Genetic and environmental influences on human cord blood leptin concentration

Brunetto Tarquini, Roberto Tarquini, Federico Perfetto, Germaine G Cornelissen-Guillaume, Franz Halberg

Research output: Contribution to journalArticlepeer-review

29 Scopus citations


Objective. To examine in a population sample of cord blood the time structure (chronome) of leptin, an adipocyte-derived hormone, and to assess any effect of a familial history of noninsulin-dependent diabetes mellitus and obesity, separately, on both the maternal and the paternal side. Subjects and Methods. Leptin concentration was determined in cord blood from 93 infants. Effects of gender, gestational age, birth weight, maternal weight, familial antecedents of obesity and noninsulin-dependent diabetes mellitus, and circadian and about-yearly stage were assessed by linear regression and ANOVA. Results. Cord blood leptin concentration is elevated in the presence of a family history of obesity on the paternal side, but not on the maternal side. Leptin concentrations are higher in spring and summer than in fall and are higher in infants born before noon. In keeping with earlier work, leptin concentration in cord blood correlates positively with birth weight and height and is higher in infants who are appropriate for or large for gestational age than in infants who are small for gestational age or born prematurely. Discussion. Changes along the scales of the day and the seasons point to synchronizing environmental as well as genetic influence. An association of cord blood leptin concentration with obesity on the paternal side may help clarify the role of leptin in parental contributions to human obesity and may prompt focus on cholesterol metabolism.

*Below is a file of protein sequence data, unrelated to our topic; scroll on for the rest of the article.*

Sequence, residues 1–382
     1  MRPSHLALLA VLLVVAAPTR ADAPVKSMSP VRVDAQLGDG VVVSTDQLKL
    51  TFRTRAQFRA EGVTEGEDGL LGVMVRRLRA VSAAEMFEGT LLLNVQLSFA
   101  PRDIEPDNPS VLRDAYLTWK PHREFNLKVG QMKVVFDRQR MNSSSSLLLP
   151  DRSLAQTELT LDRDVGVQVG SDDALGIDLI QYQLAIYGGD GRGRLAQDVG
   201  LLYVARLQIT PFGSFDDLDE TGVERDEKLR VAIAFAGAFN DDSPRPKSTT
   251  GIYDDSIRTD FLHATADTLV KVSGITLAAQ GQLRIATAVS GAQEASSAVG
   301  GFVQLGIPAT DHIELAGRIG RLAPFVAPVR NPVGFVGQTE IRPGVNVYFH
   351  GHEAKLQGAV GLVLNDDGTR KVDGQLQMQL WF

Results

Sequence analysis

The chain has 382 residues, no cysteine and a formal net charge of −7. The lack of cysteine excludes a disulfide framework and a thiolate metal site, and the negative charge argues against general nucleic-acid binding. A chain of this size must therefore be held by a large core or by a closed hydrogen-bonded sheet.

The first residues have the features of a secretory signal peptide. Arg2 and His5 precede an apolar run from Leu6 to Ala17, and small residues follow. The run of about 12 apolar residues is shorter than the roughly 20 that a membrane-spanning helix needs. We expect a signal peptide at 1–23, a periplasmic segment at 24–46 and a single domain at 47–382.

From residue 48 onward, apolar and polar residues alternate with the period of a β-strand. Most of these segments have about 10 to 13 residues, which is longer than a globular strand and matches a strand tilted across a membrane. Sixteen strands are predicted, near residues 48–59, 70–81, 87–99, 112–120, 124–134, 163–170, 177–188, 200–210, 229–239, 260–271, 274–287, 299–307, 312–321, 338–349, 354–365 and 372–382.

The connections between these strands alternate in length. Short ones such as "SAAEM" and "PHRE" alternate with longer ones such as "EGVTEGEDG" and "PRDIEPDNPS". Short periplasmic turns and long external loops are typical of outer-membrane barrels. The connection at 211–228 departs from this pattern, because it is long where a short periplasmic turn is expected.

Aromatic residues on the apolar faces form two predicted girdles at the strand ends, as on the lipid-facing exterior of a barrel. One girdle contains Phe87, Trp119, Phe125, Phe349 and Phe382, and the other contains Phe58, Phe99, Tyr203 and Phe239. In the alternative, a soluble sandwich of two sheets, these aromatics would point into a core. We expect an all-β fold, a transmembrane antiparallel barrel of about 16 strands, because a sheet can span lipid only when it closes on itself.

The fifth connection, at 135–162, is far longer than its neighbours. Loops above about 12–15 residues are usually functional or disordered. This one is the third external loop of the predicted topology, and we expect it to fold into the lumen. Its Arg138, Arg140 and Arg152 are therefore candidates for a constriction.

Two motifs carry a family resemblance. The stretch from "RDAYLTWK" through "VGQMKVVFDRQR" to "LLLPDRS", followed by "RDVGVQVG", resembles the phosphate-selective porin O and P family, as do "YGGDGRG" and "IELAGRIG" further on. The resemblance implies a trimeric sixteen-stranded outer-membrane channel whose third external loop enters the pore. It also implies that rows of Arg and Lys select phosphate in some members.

Original languageEnglish (US)
Pages (from-to)998-1006
Number of pages9
Issue number5 I
StatePublished - May 1999


  • About-yearly
  • Circadian
  • Cord blood
  • Leptin
  • Obesity
  • Patroclinicity


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